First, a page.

Börner, Katy Atlas of knowledge: anyone can map. Cambridge, MA: MIT Press, 2015. xii, 210 p. ISBN 978-0-262-02881-3. $39.95, £27.95

Five years ago we reviewed the precursor to this volumne, Katy Börner's Atlas of science, which won the ASIST Best Information Science Book of the Year in 2011 and like that volume, the one to hand is the result of a massive undertaking, involving not only the review of visualisation methods in science and technology, but also of the largely statistical and computer-based methods used in the process.

The author's intention is clearly expressed in the Preface: 'the Atlas of Knowledge intends to empower anyone to map and make sense of science and technology data to improve daily decision making'. The result is a large, handsome volume that is part persuasion, part instruction and part the presentation of a vision. Of course, the limitation, mainly, to science and technology and, essentially to the mapping of data, suggests that the use of the word knowledge in the title is a little hyperbolic, but, given the author's ambitious aims, in can, perhaps, be forgiven.

The author's aims are implemented by dividing the text into four parts. The first part adopts a systems science approach, presenting a three-level analysis of the micro or individual level of the human being, the meso or local level of the organization, and the macro or global level of supranational systems. These three levels form one dimension of a matrix, with the other dimension consiting of modes of data analysis: statistical, temporal, geo-spatial, topical and network analysis. This framework is exemplified in the pages that follow, with visualisation diagrams illustrating each cell in the matrix.

The second part of the book, Envisioning science and technology, is the author's attempt to satisfy the subtitle of the book and is, in effect, a textbook on visualisation. It sets out a 'needs-driven workflow design' method and goes on to identify data scale types, 'insight needs', visualisation types, graphic symbol types and more, with examples to show what these types look like and how they are put together. It also, being 'needs-driven' includes information on determining users' needs for data visualisation, so that the data designer can prepare materials that will serve the user's purpose most effectively. It then uses the framework presented in Part 1, presenting models for statistical, temporal, etc., studies.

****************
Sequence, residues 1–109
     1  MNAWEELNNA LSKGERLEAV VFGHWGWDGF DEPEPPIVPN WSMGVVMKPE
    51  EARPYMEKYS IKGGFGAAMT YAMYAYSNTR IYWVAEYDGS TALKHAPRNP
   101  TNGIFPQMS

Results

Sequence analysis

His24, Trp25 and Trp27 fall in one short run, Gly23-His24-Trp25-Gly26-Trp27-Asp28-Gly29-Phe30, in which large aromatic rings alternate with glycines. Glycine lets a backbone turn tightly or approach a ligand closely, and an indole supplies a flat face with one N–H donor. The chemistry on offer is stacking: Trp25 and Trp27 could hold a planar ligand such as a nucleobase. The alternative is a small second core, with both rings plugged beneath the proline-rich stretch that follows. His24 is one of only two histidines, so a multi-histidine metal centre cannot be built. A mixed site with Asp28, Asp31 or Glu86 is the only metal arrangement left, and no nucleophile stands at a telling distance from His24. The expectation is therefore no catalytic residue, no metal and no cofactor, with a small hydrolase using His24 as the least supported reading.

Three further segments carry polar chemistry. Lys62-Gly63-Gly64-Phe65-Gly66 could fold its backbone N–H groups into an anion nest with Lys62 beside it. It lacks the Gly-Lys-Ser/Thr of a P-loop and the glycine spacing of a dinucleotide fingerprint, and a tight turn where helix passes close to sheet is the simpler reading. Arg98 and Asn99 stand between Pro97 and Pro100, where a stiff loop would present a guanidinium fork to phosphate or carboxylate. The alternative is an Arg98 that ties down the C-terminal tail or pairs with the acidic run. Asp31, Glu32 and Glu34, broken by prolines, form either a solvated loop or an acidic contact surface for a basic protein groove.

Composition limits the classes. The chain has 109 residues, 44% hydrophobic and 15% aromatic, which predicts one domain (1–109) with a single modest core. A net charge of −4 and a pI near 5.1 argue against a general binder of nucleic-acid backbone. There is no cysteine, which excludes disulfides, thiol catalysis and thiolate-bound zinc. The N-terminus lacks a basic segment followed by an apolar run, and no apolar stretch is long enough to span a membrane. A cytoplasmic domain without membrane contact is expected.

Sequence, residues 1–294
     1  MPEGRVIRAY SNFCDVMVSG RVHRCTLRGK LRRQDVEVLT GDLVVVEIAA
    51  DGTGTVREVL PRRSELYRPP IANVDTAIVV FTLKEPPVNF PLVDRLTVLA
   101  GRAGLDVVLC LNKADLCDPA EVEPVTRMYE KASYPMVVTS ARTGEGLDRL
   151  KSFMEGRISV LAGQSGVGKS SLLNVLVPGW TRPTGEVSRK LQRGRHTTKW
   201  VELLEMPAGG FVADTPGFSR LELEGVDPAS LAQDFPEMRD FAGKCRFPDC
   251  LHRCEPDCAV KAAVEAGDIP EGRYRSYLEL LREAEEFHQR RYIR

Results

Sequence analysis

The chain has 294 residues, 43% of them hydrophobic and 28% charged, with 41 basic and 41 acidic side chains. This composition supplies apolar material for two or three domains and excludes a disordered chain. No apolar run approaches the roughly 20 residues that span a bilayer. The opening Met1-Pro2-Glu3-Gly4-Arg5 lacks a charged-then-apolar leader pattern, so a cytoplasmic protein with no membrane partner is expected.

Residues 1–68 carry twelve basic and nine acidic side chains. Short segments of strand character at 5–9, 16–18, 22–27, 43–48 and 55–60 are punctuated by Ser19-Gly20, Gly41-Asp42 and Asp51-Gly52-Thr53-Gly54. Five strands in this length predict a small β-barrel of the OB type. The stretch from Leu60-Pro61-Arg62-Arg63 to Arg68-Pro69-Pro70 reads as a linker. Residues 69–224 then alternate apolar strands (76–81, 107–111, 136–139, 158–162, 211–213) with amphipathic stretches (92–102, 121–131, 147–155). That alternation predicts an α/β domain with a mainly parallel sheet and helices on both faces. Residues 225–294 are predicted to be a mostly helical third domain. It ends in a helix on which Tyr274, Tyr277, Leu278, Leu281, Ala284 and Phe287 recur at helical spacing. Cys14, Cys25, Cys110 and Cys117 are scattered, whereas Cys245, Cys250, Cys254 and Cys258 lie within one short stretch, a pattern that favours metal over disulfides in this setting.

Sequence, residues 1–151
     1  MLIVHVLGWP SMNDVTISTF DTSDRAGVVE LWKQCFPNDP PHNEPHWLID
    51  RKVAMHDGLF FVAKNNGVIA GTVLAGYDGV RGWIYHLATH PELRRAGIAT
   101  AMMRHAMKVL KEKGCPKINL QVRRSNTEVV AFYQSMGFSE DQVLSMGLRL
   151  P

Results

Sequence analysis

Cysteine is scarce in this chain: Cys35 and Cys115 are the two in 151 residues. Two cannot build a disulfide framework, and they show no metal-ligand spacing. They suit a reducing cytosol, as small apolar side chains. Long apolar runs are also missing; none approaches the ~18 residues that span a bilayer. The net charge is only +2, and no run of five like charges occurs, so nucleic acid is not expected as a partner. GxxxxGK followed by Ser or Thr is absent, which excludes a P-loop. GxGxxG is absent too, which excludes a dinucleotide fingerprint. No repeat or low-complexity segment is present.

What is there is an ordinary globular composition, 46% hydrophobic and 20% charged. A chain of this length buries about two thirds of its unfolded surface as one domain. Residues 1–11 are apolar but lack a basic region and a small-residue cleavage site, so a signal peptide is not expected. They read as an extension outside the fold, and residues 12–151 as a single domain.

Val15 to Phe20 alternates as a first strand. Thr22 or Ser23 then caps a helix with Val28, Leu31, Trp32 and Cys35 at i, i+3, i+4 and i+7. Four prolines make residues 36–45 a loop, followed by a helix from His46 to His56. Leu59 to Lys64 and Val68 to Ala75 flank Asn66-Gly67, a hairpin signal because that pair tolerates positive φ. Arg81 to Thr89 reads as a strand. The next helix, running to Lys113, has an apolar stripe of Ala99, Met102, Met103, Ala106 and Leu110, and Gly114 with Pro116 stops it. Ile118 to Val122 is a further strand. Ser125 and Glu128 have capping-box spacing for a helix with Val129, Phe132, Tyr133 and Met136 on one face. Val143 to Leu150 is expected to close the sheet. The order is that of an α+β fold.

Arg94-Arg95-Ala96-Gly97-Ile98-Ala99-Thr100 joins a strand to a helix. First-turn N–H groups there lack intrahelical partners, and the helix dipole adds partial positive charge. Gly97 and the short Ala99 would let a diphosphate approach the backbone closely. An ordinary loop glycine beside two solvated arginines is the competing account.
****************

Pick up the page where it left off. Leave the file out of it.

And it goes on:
Part 3, Science maps in action, consists of examples of maps, charts and diagrams, mostly from other sources, illustrating different aspects of visualisation. These range from the evolution and distribution of patent classifications; through a nice example of a distorted map showing countries' 'ecological footprint', i.e., 'the area needed to support a population's lifestyle', a diagram representing 'the scientific roots of technology', and an appropriately sombre visual devoted to 'death and taxes', to a representation of a clickstream map of science, which shows how readers of scientific texts move from journal to journal, and how readers in the fields of nursing and tourism, for example, are revealed much more than mere citations of the same literature would reveal.

Finally, a very brief Part 4 of the book presents a look at the future of visualisation techniques and topics.

One of the drawbacks of the book, at least for my somewhat less than 20/20 vision, is the size of the font, which, on many pages, must be no more than about 8pt, if that: far too small for easy reading, but, clearly, this is forced on the designers by the decision to make each page opening a complete account of the topic at that opening. A more comfortable font size would probably have doubled the number of pages in the book and that page opening to a topic notion could not have been supported, although I don't think that would be any great loss against the gain of legibility. Perhaps the publishers should think of issuing one of those flat, plastic magnifying sheets to go with the book! A Website is devoted to the book, which includes high definition versions of the images used in the book, and this is certainly a valuable supplement, since the legends become readable, whereas in the book itself I often needed a magnifying glass (take a look at page 105!).

That disadvantage aside, this is a brilliant book, and I would not be at all surprised if it, too, won ASIST's best book of the year award for 2015!

Professor Tom Wilson
September, 2015